Monday, October 14, 2013
Friday, October 11, 2013
Hear the latest on the fight over whether to at least temporarily raise the debt ceiling--and whether we're any closer to ending the government shutdown with NPR reporter Tamara Keith. Plus: the expansion of data analytics during the Bloomberg years; Republican candidate for U.S. Senate from New Jersey Steve Lonegan; and a conversation about arts funding under the next mayor of New York.
Wednesday, October 09, 2013
What really happened in the West Side Highway road rage incident? Murray Weiss of DNAinfo discusses what we know and what we don't know about the incident and the implications. Plus: what the mayor has to do with the NYC safety net; veteran journalist Jim Lehrer on the JFK assassination; how to be more Buddha-like at work; and whether or not raising the debt ceiling would really be so bad.
Tuesday, January 22, 2013
By Bob Hennelly
Boosters of the more than $50 billion dollar Sandy relief bill that passed the House last week say they can't say for sure just when the bill will be scheduled for a vote in the US Senate, although they expect it to come to the floor sometime this week.
Thursday, August 04, 2011
This week’s debt ceiling deal may have pulled the U.S. back from default, but 1.2 million graduate students just got slapped with another bill. About one third of all graduate students have a partial federal subsidy on their loan, so they don’t get charged interest while they’re studying. That willll be abolished from July next year, as part of an agreement to reduce deficits by at least $2.1 trillion over a decade. But it could mean thousands of dollars more in loan costs for about a third of the country’s 3.6 million graduate students.
Tuesday, August 02, 2011
Monday’s debt ceiling deal might satisfy those rating agencies that warned of a possible downgrade of the United States' credit rating if the the parties did not end the political stalemate. But does the deal reassure agencies worried about the fundamental weaknesses of the U.S. economy? Gillian Tett, a managing editor of the Financial Times, says a downgrade is inevitable and she tells us what to expect from the different ratings agencies and how the markets will react to an impending downgrade.
Monday, August 01, 2011
David Weigel, who covers politics and policy for Slate magazine, Reihan Salam, columnist for The Daily and blogger for National Review Online, and Karen Tumulty, national political correspondent for The Washington Post, discuss the deal on the debt ceiling and deficit.
Monday, July 25, 2011
Democrats and Republicans will this morning release their separate plans to raise the debt ceiling before the August 2 deadline. But only one plan can pass and Congress is running out of time. The lack of time has thrown a spotlight on the 14th amendment, which some say would allow President Obama to increase the debt ceiling on his own.
Monday, July 25, 2011
There's down to the wire, and then there's this. Ben Smith, senior political writer for Politico.com, discusses the continued intransigence in the debt ceiling negotiations in Washington, and the various plans being crafted in the Republican and Democratic camps.
Thursday, July 21, 2011
Monday, July 18, 2011
NYT's David Sanger weighs in on the scenarios that could play out under various plans to raise the federal debt ceiling.
Wednesday, July 13, 2011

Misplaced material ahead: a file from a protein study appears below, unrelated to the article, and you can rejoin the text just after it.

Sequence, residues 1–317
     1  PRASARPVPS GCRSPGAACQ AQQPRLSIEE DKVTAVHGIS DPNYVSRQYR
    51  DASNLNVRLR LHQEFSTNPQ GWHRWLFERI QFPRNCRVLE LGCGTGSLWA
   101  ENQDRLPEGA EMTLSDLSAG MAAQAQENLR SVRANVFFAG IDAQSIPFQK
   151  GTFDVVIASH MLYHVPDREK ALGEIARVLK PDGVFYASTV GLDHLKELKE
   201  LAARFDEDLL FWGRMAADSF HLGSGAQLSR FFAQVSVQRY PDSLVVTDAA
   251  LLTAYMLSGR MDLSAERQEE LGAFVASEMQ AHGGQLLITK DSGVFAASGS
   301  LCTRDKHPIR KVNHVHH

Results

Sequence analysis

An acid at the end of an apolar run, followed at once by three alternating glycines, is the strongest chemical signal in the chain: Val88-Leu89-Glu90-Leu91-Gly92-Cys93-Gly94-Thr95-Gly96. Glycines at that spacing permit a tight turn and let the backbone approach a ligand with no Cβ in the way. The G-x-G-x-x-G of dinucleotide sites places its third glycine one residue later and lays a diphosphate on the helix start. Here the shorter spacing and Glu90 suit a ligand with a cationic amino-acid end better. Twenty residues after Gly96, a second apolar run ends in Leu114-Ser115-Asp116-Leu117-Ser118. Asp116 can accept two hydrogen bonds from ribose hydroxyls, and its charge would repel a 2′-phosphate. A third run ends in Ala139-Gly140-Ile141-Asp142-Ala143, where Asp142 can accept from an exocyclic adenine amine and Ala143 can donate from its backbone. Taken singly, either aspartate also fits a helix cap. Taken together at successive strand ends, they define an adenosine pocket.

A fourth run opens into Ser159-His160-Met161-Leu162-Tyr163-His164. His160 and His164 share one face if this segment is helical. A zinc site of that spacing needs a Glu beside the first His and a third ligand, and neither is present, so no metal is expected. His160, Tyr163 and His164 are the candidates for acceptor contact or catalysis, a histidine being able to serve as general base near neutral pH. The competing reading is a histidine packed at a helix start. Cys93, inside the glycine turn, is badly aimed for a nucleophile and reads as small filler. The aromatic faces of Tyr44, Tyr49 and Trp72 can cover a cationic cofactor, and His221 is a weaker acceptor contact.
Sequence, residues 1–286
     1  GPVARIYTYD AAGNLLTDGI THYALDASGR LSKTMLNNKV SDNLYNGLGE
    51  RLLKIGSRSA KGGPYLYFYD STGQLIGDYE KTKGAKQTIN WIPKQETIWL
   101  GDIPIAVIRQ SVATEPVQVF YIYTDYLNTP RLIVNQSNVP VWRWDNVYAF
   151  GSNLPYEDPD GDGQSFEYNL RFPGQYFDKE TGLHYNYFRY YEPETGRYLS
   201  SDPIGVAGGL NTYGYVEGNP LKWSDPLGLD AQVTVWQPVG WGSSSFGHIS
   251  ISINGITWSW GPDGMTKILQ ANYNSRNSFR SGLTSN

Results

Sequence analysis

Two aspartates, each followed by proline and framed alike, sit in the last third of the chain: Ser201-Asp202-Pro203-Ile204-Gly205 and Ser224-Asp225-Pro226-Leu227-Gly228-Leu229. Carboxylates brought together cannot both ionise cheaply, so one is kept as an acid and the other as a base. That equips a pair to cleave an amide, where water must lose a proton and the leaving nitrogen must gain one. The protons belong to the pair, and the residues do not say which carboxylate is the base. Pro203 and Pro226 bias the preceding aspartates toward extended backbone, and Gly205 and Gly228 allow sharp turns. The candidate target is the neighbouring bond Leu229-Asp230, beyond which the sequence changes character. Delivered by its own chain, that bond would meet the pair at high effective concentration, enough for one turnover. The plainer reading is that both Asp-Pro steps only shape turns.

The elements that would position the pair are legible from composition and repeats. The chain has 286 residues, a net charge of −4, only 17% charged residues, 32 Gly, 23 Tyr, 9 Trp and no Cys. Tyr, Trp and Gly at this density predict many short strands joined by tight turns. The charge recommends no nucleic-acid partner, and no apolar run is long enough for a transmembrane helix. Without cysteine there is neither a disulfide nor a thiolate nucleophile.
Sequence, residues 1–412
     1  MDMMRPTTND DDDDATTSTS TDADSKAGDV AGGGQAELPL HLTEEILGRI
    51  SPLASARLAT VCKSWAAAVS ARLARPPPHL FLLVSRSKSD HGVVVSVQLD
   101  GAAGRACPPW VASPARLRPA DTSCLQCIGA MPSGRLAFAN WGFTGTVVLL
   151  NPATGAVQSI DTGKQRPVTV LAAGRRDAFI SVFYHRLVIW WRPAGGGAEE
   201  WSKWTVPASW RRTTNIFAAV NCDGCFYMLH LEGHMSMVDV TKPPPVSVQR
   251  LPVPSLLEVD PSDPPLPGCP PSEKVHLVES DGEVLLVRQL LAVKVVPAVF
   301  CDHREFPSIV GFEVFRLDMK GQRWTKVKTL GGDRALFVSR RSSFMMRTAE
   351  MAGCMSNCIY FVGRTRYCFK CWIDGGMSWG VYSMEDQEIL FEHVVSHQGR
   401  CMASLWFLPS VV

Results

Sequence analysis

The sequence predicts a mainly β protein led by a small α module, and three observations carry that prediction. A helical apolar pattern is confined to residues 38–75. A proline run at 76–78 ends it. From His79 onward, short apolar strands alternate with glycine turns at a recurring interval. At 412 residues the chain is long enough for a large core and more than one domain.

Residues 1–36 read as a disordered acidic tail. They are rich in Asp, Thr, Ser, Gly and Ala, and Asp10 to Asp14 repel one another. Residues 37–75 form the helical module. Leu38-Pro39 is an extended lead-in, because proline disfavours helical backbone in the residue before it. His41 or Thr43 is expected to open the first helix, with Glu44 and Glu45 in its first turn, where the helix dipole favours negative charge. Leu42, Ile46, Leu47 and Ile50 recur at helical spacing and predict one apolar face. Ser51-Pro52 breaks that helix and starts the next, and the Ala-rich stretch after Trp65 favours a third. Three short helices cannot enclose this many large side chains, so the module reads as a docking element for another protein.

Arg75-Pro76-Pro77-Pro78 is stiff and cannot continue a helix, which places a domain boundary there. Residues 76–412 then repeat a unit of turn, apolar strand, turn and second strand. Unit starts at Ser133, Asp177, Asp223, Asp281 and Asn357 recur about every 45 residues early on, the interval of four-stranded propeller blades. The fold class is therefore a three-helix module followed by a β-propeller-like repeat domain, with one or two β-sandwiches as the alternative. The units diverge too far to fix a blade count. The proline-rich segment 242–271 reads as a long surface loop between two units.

Nan Hayworth, Congress Member (R-NY-19) discusses the battle in Congress over raising the debt ceiling.
Thursday, July 07, 2011
How might the Constitution affect the debt ceiling debate? Jay Wexler, law professor at Boston University, blogger and author of the forthcoming book The Odd Clauses: Understanding the Constitution through Ten of Its Most Curious Provisions, discusses the meaning of Section 4 of the 14th Amendment and its potential role in the debt ceiling debate.
Thursday, July 07, 2011
By Alec Hamilton : Assistant Producer, WNYC News
As the fight over the debt limit rages on in DC, some have been questioning whether the whole concept of a debt limit might not be unconstitutional. Treasury Secretary Timothy Geithner has implied that President Obama might be able to push through an extension of the debt ceiling based on an interpretation of the Fourteenth Amendment.
Tuesday, July 05, 2011
For months, the words "debt ceiling" have been hanging over Americans' heads, along with apocalyptic predictions of what might happen if President Obama and Congress don’t raise the ceiling or rearrange the budget before August.
But back in April, Garrett Epps proposed something completely novel, that’s just now starting to get a lot of attention: what if the president simply asserted that under the Fourteenth Amendment the debt ceiling is unconstitutional?
Monday, July 04, 2011
Thursday, June 30, 2011
With the deadline quickly approaching for Congress to make a decision on whether or not to raise the debt ceiling, President Obama warned that failing to come to a negotiation could significantly impact the nation's economy and investors' confidence in the United States. Beyond that, some experts say Congress's slowness in developing a plan to face the debt crisis may be symbolic of something more—namely that America is in denial over the gravity of its debt problem.
Monday, April 11, 2011
Last Friday night, with a government shutdown staring them right in the eyes, Congress was able to come to temporary resolution over the 2011 budget crisis. President Barack Obama will lay out the details for reducing the deficit in a speech Wednesday night. What's the next big showdown in Washington? Raising the debt ceiling. Charlie Herman, business and economics editor for The Takeaway and WNYC Radio, sees the debt debate as "bigger and more troublesome" than what just transpired over the budget.